Pachyphytum fittkaui was discovered by Father Hans Fittkau in Guanajuato in 1968.
Pachyphytum fittkaui Moran
Pachyphytum fittkaui is a shrubby succulent with fleshy, finger-like leaves that grow in rosettes at the end of the stems. It is one of the largest species in the genus, with stems growing up to 3.3 feet (1 m) long and 1.4 inches (3.5 cm) in diameter, mostly branched from the base. Initially erect, the stems become decumbent or pendent with age. The rosettes can reach up to 8 inches (20 cm) in diameter. The leaves are deep green to bluish-green, with a somewhat violet-red blush when exposed to direct sunlight, and measure up to 3.8 inches (9.5 cm) long and 0.6 inches (1.5 cm) thick.
The plant blooms in late winter, producing bell-shaped flowers with large, unequal sepals, the same color as the leaves, that clasp the deep rose-colored petals. The flowers are up to 0.9 inches (2.3 cm) long and 0.6 inches (1.5 cm) in diameter and appear on arching, violet-red stalks that can reach 22 inches (55 cm) in length and have leaf-like bracts.
Pachyphytum fittkaui is native to Mexico. It grows on south-facing cliffs in eastern Guanajuato and southern San Luis Potosí at elevations that range from 3,940 to 6,890 feet (1,200 to 2,100 m).
The specific epithet "fittkaui (fit-KAU-eye)" honors Father Hans W. Fittkau (1913-2002), a German priest and succulent plant collector.
How to Grow and Care for Pachyphytum fittkaui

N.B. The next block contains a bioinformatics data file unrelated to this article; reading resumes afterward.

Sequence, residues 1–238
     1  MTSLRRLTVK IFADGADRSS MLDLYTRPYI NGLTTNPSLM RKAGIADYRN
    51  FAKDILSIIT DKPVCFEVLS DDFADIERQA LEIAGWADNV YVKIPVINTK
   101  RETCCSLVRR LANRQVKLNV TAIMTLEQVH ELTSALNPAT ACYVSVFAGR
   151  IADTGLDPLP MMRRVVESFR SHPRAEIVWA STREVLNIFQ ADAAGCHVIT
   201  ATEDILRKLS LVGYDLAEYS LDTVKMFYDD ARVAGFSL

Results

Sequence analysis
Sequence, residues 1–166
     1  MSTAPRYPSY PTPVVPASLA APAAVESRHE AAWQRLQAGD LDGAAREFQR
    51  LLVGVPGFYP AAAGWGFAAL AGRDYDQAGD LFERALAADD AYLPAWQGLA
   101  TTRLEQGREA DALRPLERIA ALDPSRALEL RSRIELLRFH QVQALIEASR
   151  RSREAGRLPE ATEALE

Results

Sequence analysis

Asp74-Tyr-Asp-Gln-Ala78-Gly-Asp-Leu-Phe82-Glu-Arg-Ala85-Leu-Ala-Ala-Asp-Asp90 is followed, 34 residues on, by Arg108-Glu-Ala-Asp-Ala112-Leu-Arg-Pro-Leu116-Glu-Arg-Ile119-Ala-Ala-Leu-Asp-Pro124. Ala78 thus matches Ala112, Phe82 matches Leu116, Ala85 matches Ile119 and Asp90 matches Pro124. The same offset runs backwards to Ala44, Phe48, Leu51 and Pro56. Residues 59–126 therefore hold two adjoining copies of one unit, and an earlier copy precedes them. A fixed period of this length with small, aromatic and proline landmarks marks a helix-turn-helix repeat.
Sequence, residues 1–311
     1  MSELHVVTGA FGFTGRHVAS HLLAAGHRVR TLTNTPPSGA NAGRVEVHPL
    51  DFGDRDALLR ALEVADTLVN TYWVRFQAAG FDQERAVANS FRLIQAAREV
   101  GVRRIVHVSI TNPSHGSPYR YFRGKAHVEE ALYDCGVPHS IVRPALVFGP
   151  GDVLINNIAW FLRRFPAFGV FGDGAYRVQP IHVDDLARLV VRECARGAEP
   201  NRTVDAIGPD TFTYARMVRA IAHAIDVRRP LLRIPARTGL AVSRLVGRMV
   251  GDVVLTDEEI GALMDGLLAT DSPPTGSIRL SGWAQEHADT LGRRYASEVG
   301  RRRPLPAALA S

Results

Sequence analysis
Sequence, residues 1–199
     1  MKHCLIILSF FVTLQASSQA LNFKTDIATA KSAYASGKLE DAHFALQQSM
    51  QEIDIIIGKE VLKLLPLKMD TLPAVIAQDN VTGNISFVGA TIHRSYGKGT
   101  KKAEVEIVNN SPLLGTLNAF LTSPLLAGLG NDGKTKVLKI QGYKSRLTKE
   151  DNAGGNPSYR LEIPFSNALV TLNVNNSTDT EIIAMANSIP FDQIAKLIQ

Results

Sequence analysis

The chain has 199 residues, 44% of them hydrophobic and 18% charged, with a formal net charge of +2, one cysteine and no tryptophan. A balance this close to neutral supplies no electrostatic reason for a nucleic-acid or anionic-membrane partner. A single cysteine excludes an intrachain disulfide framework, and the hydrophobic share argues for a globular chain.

Light: Pachyphytum fittkaui thrives when exposed to direct sunlight. While it can tolerate partial shade, it may result in slightly rangy growth. When growing indoors, keep it near a sunny window.
Soil: This plant requires good drainage to maintain a healthy root system. While many growers prefer to create their own soil mix, commercial soil for succulents will work fine.
Temperature: Pachyphytum fittkaui is a winter grower and will stop actively growing when it warms up. It grows best in USDA Plant Hardiness Zones 10a to 11b, with average minimum winter temperatures ranging from 30 to 50 °F (-1.1 to 10 °C).
Watering: Although a winter grower, this plant is most active during spring and fall. Water thoroughly, then wait for the soil to dry out completely before watering again. During the winter, water sparingly. As the plant goes dormant in spring, it does not need to be watered except for arid conditions.
Fertilizing: To promote healthy growth and flower production, apply a water-soluble fertilizer diluted to half the recommended strength during the growing season.
Repotting: If growing Pachyphytum fittkaui in a container, repot it in a pot with drainage holes when it outgrows its pot. Give the plant a week or so to readjust before you water it.
Propagation: The easiest method to propagate this plant is by stem cuttings, although it can also be propagated from leaves and seeds. Even a leaf that drops off will root below the parent plant and produce a new plant. For best results, take cuttings in the spring and sow the seeds in the spring and summer.
Learn more at How to Grow and Care for Pachyphytum.
Toxicity of Pachyphytum fittkaui
Pachyphytum fittkaui is generally non-toxic to humans and pets.
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